Ladies' Role in the Schuhplattler Tanz from Gauvortänzerin Report 1996-97
Ladies' Role in the Schuhplattler Tanz
For the last several months I've been doing research into the ladies' role in the Schuhplattler Tanz. My questions led me to Sepp Kaindl, Gauvorplattler of the Bayerischer Trachtenverband and other Bavarians and resulted in an article about Dirndl Drahn and the explanation that the ladies' role during the Plattler is to turn--nothing more. Many Vereine in the Gauverband have added movements for the ladies to enhance their roles. However, the Schuhplattler developed to showcase the strength and agility of the men; the men wanted to dazzle their ladies (and impress the other men, no doubt). The ladies were not there to dazzle their fellows or the audience. It's a tough pill to swallow in our age of growing equality, but if we're to be true to the old ways, we have to understand our dancing role in the context of the times.
In my article, I encouraged the Vereine to ask themselves why they're adding these steps. If it's variety they're after, they can present more aspects of their heritage in the form of figure dances, historical dances, other non-Schuhplattler dances, or presentations of authentic music and song. The possibilities are so vast.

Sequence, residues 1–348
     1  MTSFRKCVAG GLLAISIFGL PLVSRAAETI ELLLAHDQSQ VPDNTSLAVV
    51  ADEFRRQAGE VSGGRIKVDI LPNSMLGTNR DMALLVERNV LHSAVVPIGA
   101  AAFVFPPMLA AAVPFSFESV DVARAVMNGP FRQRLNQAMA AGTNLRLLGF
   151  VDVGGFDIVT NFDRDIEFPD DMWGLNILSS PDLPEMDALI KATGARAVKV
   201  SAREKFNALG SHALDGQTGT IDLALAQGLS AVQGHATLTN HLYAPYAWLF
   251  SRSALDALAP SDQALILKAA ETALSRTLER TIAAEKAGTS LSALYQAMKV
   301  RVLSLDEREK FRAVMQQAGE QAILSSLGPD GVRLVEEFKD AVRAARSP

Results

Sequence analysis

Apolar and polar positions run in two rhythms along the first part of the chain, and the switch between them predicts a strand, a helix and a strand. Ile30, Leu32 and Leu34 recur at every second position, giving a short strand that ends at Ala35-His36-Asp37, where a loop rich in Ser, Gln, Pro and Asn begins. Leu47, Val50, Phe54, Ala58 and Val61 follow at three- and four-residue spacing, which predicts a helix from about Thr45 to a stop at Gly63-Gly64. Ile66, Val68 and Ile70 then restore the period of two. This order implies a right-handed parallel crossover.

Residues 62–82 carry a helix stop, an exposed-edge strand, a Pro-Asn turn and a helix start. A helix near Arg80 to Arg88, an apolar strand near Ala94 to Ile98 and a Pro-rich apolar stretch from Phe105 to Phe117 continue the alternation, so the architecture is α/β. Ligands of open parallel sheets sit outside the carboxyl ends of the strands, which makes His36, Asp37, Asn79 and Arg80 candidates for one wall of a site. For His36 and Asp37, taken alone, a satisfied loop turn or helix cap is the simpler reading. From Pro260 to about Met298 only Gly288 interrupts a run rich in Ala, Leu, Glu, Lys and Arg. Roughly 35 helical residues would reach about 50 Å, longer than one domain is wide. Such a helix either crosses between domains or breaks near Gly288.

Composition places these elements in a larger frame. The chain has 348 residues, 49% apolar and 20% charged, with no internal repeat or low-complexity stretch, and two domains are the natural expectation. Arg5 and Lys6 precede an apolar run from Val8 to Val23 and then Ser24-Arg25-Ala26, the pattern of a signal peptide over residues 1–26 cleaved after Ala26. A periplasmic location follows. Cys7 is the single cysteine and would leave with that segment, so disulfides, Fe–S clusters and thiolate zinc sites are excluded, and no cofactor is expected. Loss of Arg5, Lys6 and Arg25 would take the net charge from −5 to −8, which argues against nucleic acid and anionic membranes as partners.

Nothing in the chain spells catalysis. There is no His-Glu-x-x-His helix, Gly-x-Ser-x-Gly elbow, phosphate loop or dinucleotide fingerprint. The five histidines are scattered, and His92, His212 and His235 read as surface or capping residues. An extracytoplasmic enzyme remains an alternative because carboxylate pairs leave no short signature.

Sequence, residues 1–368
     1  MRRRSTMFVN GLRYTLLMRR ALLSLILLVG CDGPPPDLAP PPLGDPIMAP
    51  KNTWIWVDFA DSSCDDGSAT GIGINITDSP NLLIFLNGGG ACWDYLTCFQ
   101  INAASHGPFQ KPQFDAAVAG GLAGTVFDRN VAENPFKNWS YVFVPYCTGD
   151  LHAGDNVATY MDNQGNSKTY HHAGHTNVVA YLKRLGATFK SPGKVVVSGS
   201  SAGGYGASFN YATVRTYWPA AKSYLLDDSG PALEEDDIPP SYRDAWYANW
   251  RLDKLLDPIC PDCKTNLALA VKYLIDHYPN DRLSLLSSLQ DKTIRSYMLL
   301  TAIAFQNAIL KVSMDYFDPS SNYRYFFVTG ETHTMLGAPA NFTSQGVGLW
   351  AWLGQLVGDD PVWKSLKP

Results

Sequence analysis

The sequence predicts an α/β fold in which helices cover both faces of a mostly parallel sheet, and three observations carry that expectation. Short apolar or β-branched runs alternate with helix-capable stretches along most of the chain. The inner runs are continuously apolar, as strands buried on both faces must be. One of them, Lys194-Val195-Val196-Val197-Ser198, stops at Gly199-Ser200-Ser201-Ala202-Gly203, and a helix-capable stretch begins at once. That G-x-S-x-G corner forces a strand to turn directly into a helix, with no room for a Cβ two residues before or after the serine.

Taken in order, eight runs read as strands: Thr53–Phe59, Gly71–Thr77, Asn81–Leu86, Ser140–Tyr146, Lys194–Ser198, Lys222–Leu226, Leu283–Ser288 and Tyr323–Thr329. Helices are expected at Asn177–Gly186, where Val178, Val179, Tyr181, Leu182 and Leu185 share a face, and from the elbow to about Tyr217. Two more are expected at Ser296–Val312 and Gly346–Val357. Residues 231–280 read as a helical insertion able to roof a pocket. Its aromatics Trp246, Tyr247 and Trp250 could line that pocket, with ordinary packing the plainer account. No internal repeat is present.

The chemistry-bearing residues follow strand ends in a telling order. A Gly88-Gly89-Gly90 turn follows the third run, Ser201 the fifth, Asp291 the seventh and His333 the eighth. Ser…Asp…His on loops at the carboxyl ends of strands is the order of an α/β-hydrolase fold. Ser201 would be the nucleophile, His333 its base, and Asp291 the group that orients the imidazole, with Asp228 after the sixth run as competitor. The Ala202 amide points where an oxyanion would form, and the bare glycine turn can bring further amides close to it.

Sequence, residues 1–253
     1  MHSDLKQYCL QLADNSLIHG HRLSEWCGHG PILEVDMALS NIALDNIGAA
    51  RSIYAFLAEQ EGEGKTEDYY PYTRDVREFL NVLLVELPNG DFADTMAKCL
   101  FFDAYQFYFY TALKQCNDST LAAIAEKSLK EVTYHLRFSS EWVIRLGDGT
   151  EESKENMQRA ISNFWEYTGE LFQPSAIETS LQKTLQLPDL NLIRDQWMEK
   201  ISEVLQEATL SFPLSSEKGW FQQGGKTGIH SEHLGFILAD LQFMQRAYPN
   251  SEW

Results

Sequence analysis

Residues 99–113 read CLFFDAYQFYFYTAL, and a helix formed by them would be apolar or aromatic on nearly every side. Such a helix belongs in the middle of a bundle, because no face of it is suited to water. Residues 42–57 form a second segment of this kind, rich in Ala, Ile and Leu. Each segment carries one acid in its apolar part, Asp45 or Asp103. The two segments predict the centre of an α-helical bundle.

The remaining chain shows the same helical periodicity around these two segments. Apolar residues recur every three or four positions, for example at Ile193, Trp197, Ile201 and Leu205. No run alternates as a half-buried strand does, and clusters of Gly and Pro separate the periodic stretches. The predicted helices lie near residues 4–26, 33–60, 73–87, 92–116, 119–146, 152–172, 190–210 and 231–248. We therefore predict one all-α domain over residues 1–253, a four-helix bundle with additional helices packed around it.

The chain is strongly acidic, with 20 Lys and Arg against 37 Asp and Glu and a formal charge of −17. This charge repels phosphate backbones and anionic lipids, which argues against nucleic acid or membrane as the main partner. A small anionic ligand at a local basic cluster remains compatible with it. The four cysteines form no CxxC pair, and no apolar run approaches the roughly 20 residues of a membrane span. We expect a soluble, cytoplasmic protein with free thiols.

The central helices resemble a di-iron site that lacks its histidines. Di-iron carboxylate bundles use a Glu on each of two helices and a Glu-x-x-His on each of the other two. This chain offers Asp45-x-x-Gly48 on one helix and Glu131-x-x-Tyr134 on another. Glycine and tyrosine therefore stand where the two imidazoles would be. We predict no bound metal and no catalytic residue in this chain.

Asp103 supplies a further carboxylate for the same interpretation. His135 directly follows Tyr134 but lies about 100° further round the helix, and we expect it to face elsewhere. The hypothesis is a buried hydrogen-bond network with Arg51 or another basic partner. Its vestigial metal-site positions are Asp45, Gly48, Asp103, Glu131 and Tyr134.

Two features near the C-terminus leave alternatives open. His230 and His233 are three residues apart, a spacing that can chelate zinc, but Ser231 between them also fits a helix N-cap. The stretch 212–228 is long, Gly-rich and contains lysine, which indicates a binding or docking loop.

I'm exploring other aspects of the dance (for instance, hand positions while turning and while dancing the Landler) and will write about these shortly. We must understand the difference between authenticity and modern design, regardless of whether the viewpoint is popular.
Should Ladies Schuhplattl? At least three times in the last five years, people have asked me whether it is ever permissible for the ladies to do the Schuhplattler itself. While I realize that many ladies CAN schuhplattl (some even better than the fellows!), ladies should never schuhplattl for an audience or in public. One problem is the Tracht; women and Lederhosen don't go together. And doing a Schuhplattler in a skirt is downright silly. Since our foremothers wore skirts even when they worked in the fields or tended the herds, we can't for a moment believe that wearing men's Tracht was ever acceptable. And just because the times have changed does not mean we have a right to change a piece of heritage we claim to uphold. In the words of Franz Hegenbarth, author of Auf Geht's: Das Buch ueber's Schuhplatteln, "Die Dirndln platteln nie, denn das Platteln ist 'Burschensache.'" (Ladies never plattl, because platteln is men's domain.)